It’s no secret that my grandad is my role model and inspiration – at 90 years old, he continues to farm every single day and shows no signs of retirement any time soon!
Since the average age of a UK farmer is 59, here’s what these old timers can teach us about farming…
Perseverance = Success
From World War II fighter planes flying over meadows to the outbreak of Foot and Mouth, the older generation have continued to produce delicious British food whilst adjust to adverse, extreme circumstances.
But they have also persevered and adapted to ever changing consumer fads and market demands, with shifts from native to continental breeds to the fluctuating lamb trade.
Throughout all these changes, whether ordinary or extreme, these farmers have recognised the need to adapt in order to succeed and, in my eyes, should be the dictionary definition for the word perseverance!
Tried and tested over many generations, traditional methods for completing farm tasks are fool proof.
Don’t get me wrong, it is fantastic that agriculture is such an innovative and progressive industry, with exciting new technology and machinery being developed, especially in the arable sector.
But since they’ve yet to come up with a machine to rebuild dry stone walls or a robotic sheepdog to gather the fells instead of man’s best friend, it seems old traditional methods remain at the heart of 21st century farming!
Time to get learning those skills…
‘Maybe I should buy a new tractor…’ (Grandad, 2018)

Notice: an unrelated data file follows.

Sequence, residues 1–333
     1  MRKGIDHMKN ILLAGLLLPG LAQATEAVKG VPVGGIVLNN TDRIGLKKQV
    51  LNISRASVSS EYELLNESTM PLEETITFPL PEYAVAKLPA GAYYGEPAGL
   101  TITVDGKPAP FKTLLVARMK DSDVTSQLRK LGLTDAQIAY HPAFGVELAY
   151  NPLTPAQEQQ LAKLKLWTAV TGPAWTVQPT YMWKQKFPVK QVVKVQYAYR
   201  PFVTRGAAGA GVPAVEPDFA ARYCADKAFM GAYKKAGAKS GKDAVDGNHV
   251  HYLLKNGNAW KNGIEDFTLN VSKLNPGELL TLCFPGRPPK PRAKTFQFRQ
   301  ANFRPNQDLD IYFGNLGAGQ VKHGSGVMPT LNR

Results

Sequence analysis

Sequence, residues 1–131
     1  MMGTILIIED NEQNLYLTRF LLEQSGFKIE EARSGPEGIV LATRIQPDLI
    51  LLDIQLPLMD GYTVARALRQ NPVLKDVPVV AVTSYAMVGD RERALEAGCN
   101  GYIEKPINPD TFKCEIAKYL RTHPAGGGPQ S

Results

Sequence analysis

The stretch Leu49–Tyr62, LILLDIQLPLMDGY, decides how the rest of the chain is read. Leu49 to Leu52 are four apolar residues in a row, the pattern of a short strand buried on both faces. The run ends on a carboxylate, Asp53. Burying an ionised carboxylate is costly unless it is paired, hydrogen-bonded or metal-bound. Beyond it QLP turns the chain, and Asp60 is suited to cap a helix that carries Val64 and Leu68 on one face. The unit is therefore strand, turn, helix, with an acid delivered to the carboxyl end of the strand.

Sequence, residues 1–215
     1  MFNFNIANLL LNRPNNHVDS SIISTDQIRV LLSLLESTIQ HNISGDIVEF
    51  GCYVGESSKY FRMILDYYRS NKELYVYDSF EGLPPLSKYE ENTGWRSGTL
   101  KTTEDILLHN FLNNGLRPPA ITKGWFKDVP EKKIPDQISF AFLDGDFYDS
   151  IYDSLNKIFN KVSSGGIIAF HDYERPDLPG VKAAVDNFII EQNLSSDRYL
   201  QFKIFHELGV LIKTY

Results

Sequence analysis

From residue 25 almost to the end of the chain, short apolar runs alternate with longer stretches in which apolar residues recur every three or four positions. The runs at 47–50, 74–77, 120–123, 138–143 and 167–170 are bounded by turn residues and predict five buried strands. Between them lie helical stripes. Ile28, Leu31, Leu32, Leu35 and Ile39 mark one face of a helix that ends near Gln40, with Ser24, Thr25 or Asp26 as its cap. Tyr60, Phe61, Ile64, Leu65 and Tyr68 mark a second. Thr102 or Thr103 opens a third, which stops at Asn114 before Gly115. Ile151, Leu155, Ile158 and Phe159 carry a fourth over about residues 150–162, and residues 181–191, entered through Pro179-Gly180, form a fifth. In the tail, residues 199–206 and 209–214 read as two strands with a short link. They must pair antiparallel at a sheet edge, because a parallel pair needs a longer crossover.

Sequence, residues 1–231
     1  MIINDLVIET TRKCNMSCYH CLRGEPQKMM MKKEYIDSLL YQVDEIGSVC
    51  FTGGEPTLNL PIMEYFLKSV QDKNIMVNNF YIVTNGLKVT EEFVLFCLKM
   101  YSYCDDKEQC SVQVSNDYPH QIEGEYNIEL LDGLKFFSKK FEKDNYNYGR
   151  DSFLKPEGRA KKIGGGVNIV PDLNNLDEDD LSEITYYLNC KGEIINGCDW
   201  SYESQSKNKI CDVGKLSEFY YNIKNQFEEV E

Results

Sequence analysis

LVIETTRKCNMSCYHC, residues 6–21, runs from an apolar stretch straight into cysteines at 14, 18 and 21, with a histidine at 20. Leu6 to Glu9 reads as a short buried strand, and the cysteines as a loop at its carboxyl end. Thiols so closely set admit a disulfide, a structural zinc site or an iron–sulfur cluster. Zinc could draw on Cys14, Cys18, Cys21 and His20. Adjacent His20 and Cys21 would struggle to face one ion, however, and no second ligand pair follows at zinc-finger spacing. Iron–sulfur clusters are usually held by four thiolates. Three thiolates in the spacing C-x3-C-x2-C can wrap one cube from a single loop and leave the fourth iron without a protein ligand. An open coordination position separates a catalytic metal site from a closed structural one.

You are never too old to try something different or learn something new, no matter how long you have been farming for.
Whether you want to diversify the business and set up an ice-cream parlour, or give rearing calves a go, life is too short for regrets. After all, nothing ventured nothing gained and if it fails, it’s one to tell the grandkids!
Repair not replace
I hate to admit it but my generation has a throw away attitude, since it is often cheaper and quicker to replace something rather than faff around fixing it.
Yet the older generation are a crafty bunch when it comes to problem solving: from adding an additional step on the tractor to make getting in easier to the classic using bale twine to tie a gate shut until they can fix a new lock, they’ve got it down to a fine art.
Here’s hoping we can also harness our own creativity and tackle problems with an open mind, rather than resorting to an online eBay shop to find the solution.
A Love Of The Land
As long term guardians of the great British countryside, the older generation have helped shape the land and environment through conservation, preservation and moderate use of resources for numerous years.
So it is their love of the land, their understanding and appreciation of the ground beneath their wellies, that shines through their work and livelihoods, as they ensure the land is left in a better condition for the next generation of UK farmers.